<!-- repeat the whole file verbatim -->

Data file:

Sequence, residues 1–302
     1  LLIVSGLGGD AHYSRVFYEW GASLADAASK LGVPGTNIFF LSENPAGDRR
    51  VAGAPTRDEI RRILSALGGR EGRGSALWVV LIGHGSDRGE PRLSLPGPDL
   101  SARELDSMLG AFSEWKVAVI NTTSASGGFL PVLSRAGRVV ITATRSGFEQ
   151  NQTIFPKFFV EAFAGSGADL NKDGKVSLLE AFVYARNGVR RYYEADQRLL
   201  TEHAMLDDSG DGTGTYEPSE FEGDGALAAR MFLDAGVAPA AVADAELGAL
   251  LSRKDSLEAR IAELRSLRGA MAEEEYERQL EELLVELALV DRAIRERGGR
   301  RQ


Sequence, residues 1–302
     1  LLIVSGLGGD AHYSRVFYEW GASLADAASK LGVPGTNIFF LSENPAGDRR
    51  VAGAPTRDEI RRILSALGGR EGRGSALWVV LIGHGSDRGE PRLSLPGPDL
   101  SARELDSMLG AFSEWKVAVI NTTSASGGFL PVLSRAGRVV ITATRSGFEQ
   151  NQTIFPKFFV EAFAGSGADL NKDGKVSLLE AFVYARNGVR RYYEADQRLL
   201  TEHAMLDDSG DGTGTYEPSE FEGDGALAAR MFLDAGVAPA AVADAELGAL
   251  LSRKDSLEAR IAELRSLRGA MAEEEYERQL EELLVELALV DRAIRERGGR
   301  RQ